A blueprint for future waste disposal

The following op-ed appeared in the Greensboro News-Record on Sunday. It was written by SCSJ staff attorney Chris Brook, who represented numerous clients in a lawsuit against the city over the Council’s attempt to re-open the White Street Landfill to municipal solid waste. SCSJ also intervened in a case involving the company selected by the council.
On July 17, 2001, the Greensboro City Council passed a resolution barring further expansion of the White Street Landfill and sought to chart a course to a waste-disposal alternative. More than 10 years later — and following a divisive effort to reopen the landfill that saw three requests for proposals put forward and then abandoned; landfill opponents and supporters suing the city; and an attempt by council members to recuse a fellow member from voting on a landfill contract — it may seem a solution to Greensboro’s garbage problem is further away than ever.
That doesn’t have to be so. While it was painful, the recent White Street discussion underlined the city’s three core waste-disposal values, which can serve as a guide to an equitable, sustainable and fiscally responsible long-term solution.
First, the White Street Landfill must remain closed to municipal solid waste.
Greensboro made a promise to its residents in 2001 that White Street would not be expanded and the city would transition the vast majority of its waste to another site. In 2006 this promise became reality. Elderly couples used to waking to the hum of garbage trucks lined up outside their windows slept a little better. Families considering moving elsewhere chose to stay in Greensboro. And first-time homebuyers purchased houses near the landfill based on the assurance that White Street was closed for good. These Greensboro residents have relied upon the word of their city and deserve to have their faith and loyalty rewarded.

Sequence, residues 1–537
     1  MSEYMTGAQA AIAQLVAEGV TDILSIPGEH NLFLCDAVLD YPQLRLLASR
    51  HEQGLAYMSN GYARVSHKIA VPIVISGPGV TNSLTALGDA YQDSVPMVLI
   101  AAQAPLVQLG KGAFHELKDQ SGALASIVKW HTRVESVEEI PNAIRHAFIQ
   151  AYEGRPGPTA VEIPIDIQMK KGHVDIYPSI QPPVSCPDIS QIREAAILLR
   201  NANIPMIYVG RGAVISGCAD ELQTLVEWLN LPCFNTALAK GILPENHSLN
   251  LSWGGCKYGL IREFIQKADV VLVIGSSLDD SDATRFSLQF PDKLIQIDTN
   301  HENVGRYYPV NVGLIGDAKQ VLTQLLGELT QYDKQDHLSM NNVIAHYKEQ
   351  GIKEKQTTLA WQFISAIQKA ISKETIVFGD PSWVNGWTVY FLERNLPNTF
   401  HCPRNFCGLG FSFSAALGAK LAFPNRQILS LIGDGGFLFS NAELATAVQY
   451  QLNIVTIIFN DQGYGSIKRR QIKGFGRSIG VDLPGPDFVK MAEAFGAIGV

Second, Greensboro should dispose of its waste in a manner that minimizes health, economic and environmental impacts.
There is no perfect place for a landfill; it will upset someone wherever it goes. However, some locations are better than others. For example, 7,548 Greensboro residents live within a mile radius of the White Street facility, a number sure to increase as the eastern portion of the city continues to grow. By contrast, Greensboro currently ships its garbage to the Uwharrie Regional Landfill. Only approximately 100 people live within a mile radius of that facility. The closest town is Troy, population 3,430, whose downtown is five miles from the landfill.
This is not necessarily to advocate that Greensboro continue to use Uwharrie, but instead an illustration of how thoughtful siting can minimize impacts.
Third, Greensboro policymakers should select a fiscally responsible waste-disposal option.
The conservative, four-person City Council faction that drove the recent White Street discussion was right that cost is an issue, or, as Councilman Danny Thompson succinctly summarized, “It’s dollars and cents.”
Their first mistake was treating cost as the only issue. Their second mistake was trumpeting short-term savings, while failing to consider the long-term fiscal implications of reopening a landfill only four miles from downtown Greensboro. Driving a hard bargain with Greensboro taxpayer dollars is an imperative going forward, but it must be placed in the context of the city’s responsibilities to its residents and the need to foster economic growth for future generations.
There are potential solutions on the horizon that could allow Greensboro to honor the three core values underlined by the recent White Street debate. Republic Services has identified $3.5 million in potential annual savings through continued use of the Uwharrie Regional Landfill. Nearby Randolph County has expressed interest in hosting a regional landfill, which has the potential to minimize impacts.
While it is too early to tell if these proposals will pan out, it is not too early for voters to do their due diligence on City Council candidates to ensure they will pursue equitable, sustainable and fiscally responsible solutions. Without officeholders squarely focused on long-term answers, Greensboro could be having this same conversation in 2021.